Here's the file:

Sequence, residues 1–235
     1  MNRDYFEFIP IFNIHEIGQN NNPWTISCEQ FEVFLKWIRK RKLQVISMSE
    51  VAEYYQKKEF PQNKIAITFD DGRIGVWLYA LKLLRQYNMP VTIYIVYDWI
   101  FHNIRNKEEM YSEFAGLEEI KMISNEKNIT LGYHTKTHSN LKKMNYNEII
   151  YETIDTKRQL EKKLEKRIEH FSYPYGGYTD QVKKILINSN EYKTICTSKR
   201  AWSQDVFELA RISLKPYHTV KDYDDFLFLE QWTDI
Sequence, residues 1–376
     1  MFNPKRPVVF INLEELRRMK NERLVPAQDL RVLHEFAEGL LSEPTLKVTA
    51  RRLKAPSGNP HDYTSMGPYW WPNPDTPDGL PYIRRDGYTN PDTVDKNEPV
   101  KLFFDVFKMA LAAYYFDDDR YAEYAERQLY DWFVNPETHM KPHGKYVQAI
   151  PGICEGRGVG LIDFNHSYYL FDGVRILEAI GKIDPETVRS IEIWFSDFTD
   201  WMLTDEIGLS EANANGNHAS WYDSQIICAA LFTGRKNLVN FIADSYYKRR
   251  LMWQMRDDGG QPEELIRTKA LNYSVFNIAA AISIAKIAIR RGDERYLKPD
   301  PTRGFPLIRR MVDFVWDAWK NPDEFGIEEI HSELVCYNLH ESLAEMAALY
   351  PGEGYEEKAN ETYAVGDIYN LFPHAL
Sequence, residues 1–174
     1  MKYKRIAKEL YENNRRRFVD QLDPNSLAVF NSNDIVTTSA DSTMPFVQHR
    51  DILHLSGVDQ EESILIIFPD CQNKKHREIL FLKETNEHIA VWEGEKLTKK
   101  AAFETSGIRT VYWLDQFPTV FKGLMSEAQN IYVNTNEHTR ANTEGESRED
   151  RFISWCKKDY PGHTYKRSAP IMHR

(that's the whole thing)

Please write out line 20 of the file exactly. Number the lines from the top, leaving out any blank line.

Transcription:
   151  RFISWCKKDY PGHTYKRSAP IMHR